Reporters Without Borders urges the Indian government to rescind an order it issued to national telecom operators on 13 February to suspend all mobile messaging services that cannot be monitored by the country’s law enforcement agencies, including the BlackBerry smartphone’s corporate email service, called BlackBerry Enterprise Server.
The move is the latest step in the government’s battle with Research In Motion, the BlackBerry’s Canadian manufacturer, for access to the BlackBerry’s encrypted services. Reporters Without Borders fears that it could lead generalized monitoring, filtering and censorship of mobile Internet services.
Citing national security needs, India had given RIM until 31 January to provide it with access to the encrypted data on BlackBerry Enterprise Server (http://en.rsf.org/india-india-gives-research-in-motion-13-08-2010,38151.html). RIM had previously given the Indian authorities the ability to monitor its consumer messaging services, including BlackBerry Messenger and email.
RIM finally responded on 28 January with a statement that it could not surrender the keys to BlackBerry Enterprise Server’s encrypted data because it did not have them. The only keys were those held by its corporate clients, RIM claimed.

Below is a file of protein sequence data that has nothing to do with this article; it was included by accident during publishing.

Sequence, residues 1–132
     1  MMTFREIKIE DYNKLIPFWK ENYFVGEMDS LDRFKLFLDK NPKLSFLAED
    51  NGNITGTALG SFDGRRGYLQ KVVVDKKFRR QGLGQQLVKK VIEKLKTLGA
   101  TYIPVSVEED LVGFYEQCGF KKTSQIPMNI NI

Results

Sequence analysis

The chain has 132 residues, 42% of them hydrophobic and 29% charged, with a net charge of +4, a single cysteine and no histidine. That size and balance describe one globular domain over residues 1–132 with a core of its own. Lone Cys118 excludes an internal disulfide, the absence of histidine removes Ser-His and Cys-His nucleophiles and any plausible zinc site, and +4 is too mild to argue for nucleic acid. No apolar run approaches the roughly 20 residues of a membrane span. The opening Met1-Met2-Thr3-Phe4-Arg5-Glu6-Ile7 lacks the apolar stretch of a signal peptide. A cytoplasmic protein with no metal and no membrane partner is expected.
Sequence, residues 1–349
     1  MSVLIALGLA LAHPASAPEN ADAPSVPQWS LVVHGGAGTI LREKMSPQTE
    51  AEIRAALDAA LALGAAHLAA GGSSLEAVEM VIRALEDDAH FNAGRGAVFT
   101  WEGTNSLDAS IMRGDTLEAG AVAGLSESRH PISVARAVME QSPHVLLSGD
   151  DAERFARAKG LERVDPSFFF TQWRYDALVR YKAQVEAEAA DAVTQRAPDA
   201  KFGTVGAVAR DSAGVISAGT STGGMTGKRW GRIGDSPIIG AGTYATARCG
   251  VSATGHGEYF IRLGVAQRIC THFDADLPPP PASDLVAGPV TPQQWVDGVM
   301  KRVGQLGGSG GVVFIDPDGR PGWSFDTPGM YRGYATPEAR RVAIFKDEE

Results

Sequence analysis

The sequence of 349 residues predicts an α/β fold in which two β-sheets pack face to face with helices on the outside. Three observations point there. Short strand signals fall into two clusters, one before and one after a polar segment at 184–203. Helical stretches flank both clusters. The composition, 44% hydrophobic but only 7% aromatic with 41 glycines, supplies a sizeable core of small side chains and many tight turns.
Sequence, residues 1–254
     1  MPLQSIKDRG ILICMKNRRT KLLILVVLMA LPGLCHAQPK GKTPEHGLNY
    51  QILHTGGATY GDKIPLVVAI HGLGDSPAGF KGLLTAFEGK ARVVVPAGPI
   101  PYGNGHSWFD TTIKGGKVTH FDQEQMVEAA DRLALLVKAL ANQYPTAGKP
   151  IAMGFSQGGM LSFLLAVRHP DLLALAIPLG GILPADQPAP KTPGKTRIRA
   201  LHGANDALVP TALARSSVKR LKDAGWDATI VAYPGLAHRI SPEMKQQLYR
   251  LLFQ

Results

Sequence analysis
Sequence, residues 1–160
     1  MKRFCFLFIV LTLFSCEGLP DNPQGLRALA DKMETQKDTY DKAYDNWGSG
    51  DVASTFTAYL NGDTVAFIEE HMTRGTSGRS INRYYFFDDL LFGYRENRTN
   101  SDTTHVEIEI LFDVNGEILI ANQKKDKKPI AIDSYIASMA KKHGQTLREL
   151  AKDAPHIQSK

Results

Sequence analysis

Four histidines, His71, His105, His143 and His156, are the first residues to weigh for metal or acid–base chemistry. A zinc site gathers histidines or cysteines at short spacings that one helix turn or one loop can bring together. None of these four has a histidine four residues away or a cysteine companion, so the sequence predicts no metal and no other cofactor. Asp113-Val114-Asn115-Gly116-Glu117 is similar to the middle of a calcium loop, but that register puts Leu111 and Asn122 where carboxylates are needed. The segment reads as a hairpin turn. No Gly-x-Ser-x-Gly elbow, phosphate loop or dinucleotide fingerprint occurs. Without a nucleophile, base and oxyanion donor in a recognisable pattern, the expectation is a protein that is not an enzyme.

The order issued three days ago to commercially-owned telecom operators Bharti, Vodafone, Idea, Rcom and Tatas and to state-owned operators BSNL and MTNL was the Indian government’s response to RIM’s statement.
Defending the government’s stance, interior minister G. K. Pillai said: “Our aim is to make sure that whatever goes through our networks, we should be able, if required, to intercept it (...) Even messenger services - they all said we cannot do it... Only when we said, OK, we are going to close it down, they came and said here is the solution. I have a feeling... under pressure they’ll do it.”
Pillai added that he did not want to extend the deadline yet again.
Indian currently has more than a million BlackBerry smartphone users and the number is growing steadily. RIM is currently under pressure from several governments about its encrypted services in countries where it is expanding rapidly. These governments all want to be able to monitor the BlackBerry’s services although the quality of its encryption is one of its attractions.
RIM announced on 20 January that it had yielded to the Indonesian government’s demand to block access to pornographic websites on its smartphones.